Tuesday, 16 October 2018

Moshe Gerstel and Haifa, City of the Future

During the 1930's Haifa was often referred to as the "city of the future". It underwent significant development in the inter-war years when the Hadar HaCarmel neighbourhood was established with Modernism as the dominant architectural style. Perhaps the most iconic of the new buildings was the market hall of Shuk HaTalpiyot on Sirkin Street.


The shuk was built in response to the events of the Arab revolt of 1937-39 which caused the Jewish residents of the mainly Arab lower city area to flee the area and Jews from across Haifa to no longer feel safe to visit the markets there. Consequently plans were made to build a major market in the centre of Jewish Hadar. The site selected was extremely challenging, located on a steep slope on rocky ground. Nonetheless a design competition was held and architect Moshe Gerstel, working with engineer C. Cohen submitted the winning entry. His design was judged unanimously to be the best as it addressed the difficult issues of the site and required only local materials. Construction commenced in 1939 and the building was inaugurated in April 1940 when the city's Mayor praised the architect who "with imagination and ingenious creativity gave this city of the future a structure in which she can take pride". 

Gerstel's design included a rectangular structure at the front of the  building and a circular market hall to the rear. The stalls were arranged over three floors underneath a glass roof that flooded the building with natural light. There were also to be stalls on the ground floor and in the basement. Horizontal ribbon windows covered the surface of both parts of the building, giving views over the city and the bay. The exterior is striking due to the bands dividing the levels and the decorative fins above the main entrance. The fins are separated by a glass ladder, allowing even more natural light to flow in. The shuk quickly became a focal point for Haifa's Jewish residents. Nissim Levi describes it as "...the biggest and fanciest shopping centre in the Middle East...The central structure was roofed with a brilliant glass ceiling and the sunlight that seeped inside glittered on the fresh fruits and vegetables and created a colourful celebration that the eye can never get enough of". He also recalled  the wide range of products available and the songs and slogans made up by the vendors to attract customers.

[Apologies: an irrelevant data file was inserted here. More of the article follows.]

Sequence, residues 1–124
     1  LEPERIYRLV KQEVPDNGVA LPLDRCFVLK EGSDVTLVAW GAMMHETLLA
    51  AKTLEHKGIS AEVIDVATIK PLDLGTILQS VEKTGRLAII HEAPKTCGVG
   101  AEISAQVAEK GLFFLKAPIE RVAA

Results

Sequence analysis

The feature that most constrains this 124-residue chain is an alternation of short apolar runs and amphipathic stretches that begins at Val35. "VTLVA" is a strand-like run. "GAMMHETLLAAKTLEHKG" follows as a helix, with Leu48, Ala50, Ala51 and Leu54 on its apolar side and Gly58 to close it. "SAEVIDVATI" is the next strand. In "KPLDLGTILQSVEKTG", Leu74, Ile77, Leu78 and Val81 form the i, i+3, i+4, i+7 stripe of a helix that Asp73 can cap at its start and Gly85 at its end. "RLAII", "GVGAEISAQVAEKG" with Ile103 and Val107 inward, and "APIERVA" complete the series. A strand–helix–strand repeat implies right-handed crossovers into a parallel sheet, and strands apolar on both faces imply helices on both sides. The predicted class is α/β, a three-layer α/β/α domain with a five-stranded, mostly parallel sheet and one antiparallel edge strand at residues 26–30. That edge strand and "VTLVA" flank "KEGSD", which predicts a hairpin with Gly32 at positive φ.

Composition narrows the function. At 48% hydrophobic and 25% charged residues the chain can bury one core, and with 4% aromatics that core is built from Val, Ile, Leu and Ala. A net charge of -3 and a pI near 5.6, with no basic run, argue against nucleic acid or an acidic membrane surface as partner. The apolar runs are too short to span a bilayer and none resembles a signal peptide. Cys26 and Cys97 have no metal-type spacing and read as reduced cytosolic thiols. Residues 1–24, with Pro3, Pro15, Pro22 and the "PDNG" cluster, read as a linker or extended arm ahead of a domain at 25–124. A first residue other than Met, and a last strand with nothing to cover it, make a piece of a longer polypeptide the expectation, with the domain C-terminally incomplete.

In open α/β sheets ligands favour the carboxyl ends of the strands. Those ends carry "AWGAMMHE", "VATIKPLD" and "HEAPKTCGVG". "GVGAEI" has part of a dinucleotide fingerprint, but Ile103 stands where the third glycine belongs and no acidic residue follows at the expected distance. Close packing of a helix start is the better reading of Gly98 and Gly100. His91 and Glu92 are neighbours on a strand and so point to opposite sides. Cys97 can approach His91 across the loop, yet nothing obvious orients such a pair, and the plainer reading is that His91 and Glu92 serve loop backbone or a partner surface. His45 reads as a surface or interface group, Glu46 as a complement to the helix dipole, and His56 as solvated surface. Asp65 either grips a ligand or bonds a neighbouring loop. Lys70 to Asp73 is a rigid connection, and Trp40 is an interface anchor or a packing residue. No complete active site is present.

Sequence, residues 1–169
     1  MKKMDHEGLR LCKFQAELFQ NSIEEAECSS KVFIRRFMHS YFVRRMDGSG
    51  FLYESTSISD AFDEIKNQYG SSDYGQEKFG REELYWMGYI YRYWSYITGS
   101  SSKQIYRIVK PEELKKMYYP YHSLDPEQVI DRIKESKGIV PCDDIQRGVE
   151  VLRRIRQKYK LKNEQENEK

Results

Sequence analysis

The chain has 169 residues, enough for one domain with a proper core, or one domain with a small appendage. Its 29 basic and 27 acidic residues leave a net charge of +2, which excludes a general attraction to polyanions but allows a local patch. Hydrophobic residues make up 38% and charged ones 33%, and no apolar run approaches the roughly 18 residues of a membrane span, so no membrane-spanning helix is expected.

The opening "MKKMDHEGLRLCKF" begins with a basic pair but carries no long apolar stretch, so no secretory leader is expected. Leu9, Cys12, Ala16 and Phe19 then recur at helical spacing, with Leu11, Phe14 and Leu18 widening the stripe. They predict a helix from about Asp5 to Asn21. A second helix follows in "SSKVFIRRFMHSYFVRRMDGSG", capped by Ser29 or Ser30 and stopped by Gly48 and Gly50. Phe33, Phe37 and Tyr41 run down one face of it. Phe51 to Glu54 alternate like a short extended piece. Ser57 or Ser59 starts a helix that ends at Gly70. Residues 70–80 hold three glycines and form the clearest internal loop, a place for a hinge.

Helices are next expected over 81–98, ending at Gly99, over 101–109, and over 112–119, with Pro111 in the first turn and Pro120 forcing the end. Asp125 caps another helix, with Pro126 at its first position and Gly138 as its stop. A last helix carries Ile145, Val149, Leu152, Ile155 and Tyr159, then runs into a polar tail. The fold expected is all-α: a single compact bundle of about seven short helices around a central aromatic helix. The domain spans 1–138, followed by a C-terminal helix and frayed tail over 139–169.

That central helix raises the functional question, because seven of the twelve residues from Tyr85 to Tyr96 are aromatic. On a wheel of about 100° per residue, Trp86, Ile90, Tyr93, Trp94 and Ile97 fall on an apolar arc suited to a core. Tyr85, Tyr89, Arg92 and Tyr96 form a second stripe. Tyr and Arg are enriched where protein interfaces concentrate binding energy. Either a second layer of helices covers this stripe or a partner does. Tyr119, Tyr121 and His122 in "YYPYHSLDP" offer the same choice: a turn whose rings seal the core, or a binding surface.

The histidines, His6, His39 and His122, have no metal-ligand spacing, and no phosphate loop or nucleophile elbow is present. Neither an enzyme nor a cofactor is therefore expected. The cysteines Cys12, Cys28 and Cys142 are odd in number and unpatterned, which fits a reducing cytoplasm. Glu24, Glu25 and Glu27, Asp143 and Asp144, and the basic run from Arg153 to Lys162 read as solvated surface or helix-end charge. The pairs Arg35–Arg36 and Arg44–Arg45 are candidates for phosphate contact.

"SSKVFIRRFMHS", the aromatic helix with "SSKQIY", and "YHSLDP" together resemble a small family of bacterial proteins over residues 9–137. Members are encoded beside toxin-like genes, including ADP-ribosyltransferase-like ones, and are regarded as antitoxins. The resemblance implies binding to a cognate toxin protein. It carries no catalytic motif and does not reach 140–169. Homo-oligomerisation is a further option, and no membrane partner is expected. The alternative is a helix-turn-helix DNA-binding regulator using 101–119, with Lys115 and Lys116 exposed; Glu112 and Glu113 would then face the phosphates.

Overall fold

Sadly the building has been allowed to deteriorate terribly and when I last visited two years ago only the basement remained in use for the sale of produce. The ground floor had a few low quality stalls and the upper levels were sealed off. Many of the windows were broken and feral cats roamed about. Netting had been installed to prevent pigeons causing further damage but serious action is required if the building is to survive. 

Gerstel was an extremely interesting character. Born in Galicia, Poland in 1886 he studied in Lviv and Vienna, saw active military service in the First World War and then lived and worked in Bucharest from 1922 to 1935, where he designed many buildings. He made aliyah in 1935. Settling in Haifa, he established a life long friendship with Hajj Tahir Karaman, a successful Arab businessman and deputy mayor of the city. Although Karaman was an Arab nationalist he was not opposed to co-operating with Jews and recommended Gerstel to several other wealthy Arab families who commissioned him to design homes for them. Their friendship was so strong that when the Gerstel family were in financial difficulties, Karaman not only took them in but added four rooms to his own home for them. Gerstel designed a house for his friend in the same street as the Shuk and continued designing for the family even when they left Haifa after 1948.



Karaman's recommendations resulted in commissions for three adjacent residential properties on Tchernikovsky Street on Mount Carmel. These include the Agnes Khouri house at number 29, built in 1937 and which has a spectacular glazed curved corner. One of the three properties is now divided into two with a Jewish family living in one half and an Arab family in the other, perhaps continuing the architect's tradition of good inter-communal relations. Gerstel's star began to fade in the 1950's but he remained in Haifa until he died in 1961. Several of his buildings have survived until today.


1 comment:

  1. I know a lot about Tel Aviv architecture but not about Haifa. So it was fun to read HAIFA BEFORE & AFTER 1948, which covers Gerstel in great detail. However I cannot find whether Gerstel studied at Bauhaus or not.

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